Formed in 2015, the Truth and Reconciliation Commission (TRC) and the Commission of Investigation on Enforced Disappeared Persons (CIEDP) were set up to investigate conflict-era human rights violations and abuses. But they have been able to do little more than collect complaints. It is no secret that the transitional justice bodies have been debilitated by weak legislation and a lack of political will.
In this light, the fact that the two transitional justice bodies are seeking political commitment before requesting tenure extensions from the government before February 7 should be viewed positively. It seems that the TRC and the CIEDP have finally decided to put some pressure on the political parties to amend the flawed legal mandate governing the commissions and better align legislation with recommendations made by the Supreme Court and the Conflict Victims Common Platform. Among other problems, current legislation allows the transitional justice bodies to recommend amnesty for serious human rights violations and abuses. Conflict victims agree that further extension of the commissions’ tenure is meaningless without changing legislation to remove amnesty provisions.
Last week, President Bidya Bhandari authenticated an ordinance produced by the government to extend the tenure of the two transitional justice bodies by one year. This ordinance however fell short of amending the weak legislation governing the two commissions. What is surprising is that an amendment satisfying the 2015 Supreme Court order has already been formulated at the Ministry of Peace and Reconstruction (MoPR). The ordinance requires the bodies to formally apply for extension before receiving it, which is why the bodies have now sought to question the political parties’ commitment before moving forward.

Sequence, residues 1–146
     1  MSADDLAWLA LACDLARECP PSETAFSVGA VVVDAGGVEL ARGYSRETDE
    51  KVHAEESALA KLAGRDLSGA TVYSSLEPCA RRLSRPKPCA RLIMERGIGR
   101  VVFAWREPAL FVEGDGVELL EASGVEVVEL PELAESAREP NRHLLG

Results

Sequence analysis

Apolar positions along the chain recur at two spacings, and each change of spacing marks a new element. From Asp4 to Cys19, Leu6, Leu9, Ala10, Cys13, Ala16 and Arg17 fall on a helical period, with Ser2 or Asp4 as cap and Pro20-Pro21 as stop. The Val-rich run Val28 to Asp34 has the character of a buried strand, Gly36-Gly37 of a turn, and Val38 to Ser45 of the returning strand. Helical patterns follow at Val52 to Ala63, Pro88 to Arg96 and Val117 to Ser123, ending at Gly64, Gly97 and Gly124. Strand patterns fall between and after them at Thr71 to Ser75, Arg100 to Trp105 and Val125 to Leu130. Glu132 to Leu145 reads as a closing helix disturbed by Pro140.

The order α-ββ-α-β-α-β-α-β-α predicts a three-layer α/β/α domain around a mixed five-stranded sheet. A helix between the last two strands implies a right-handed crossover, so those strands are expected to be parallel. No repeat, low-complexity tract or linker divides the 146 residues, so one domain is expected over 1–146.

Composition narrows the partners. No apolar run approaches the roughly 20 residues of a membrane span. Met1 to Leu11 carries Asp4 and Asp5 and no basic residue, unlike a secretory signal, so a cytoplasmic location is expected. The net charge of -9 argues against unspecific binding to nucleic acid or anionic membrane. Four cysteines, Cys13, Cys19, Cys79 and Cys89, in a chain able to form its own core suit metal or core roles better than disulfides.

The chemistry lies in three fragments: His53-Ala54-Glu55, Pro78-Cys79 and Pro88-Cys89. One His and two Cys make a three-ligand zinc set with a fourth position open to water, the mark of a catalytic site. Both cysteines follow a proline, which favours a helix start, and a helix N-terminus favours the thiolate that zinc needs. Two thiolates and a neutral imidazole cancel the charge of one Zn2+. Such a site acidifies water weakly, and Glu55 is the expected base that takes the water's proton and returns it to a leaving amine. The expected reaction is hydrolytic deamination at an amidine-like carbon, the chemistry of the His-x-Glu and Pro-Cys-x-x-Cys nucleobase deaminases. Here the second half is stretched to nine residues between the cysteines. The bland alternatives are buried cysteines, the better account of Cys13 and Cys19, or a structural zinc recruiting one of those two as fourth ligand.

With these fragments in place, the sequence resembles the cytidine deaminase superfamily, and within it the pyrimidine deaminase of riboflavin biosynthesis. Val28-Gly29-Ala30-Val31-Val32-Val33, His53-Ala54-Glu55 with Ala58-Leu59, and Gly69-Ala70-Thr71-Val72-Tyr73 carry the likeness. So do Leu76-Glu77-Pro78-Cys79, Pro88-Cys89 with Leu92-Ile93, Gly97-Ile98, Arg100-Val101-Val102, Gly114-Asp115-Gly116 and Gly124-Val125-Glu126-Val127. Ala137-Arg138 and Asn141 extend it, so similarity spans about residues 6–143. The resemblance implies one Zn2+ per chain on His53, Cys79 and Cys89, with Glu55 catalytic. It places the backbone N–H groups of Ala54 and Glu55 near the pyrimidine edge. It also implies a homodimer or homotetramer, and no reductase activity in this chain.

The TRC and CIEDP are not short of critics. In the three years since their formation, the transitional bodies have not closed even one of the more than 60,000 cases lodged, with investigations opened in a tiny fraction of these. However, it is clear that the primary responsibility for implementing a transitional justice mechanism that will be accepted by the Victims Platform lies in the hands of the political parties.
What the parties in question have to understand is that, no matter who governs the country or however long, legitimate demands for justice will never be swept under the rug. The notions of justice and the assurance of human rights are central to the legitimacy of any democratic system. And transitional justice is associated with a society’s attempt to come to terms with past abuses, in order to ensure accountability, serve justice and achieve reconciliation. If the tenure of the TRC and CIEDP is allowed to expire, or their work falls short of international standards of investigation, Nepal is bound to draw the attention of global humanitarian organisations. The victims, and the larger world, are watching.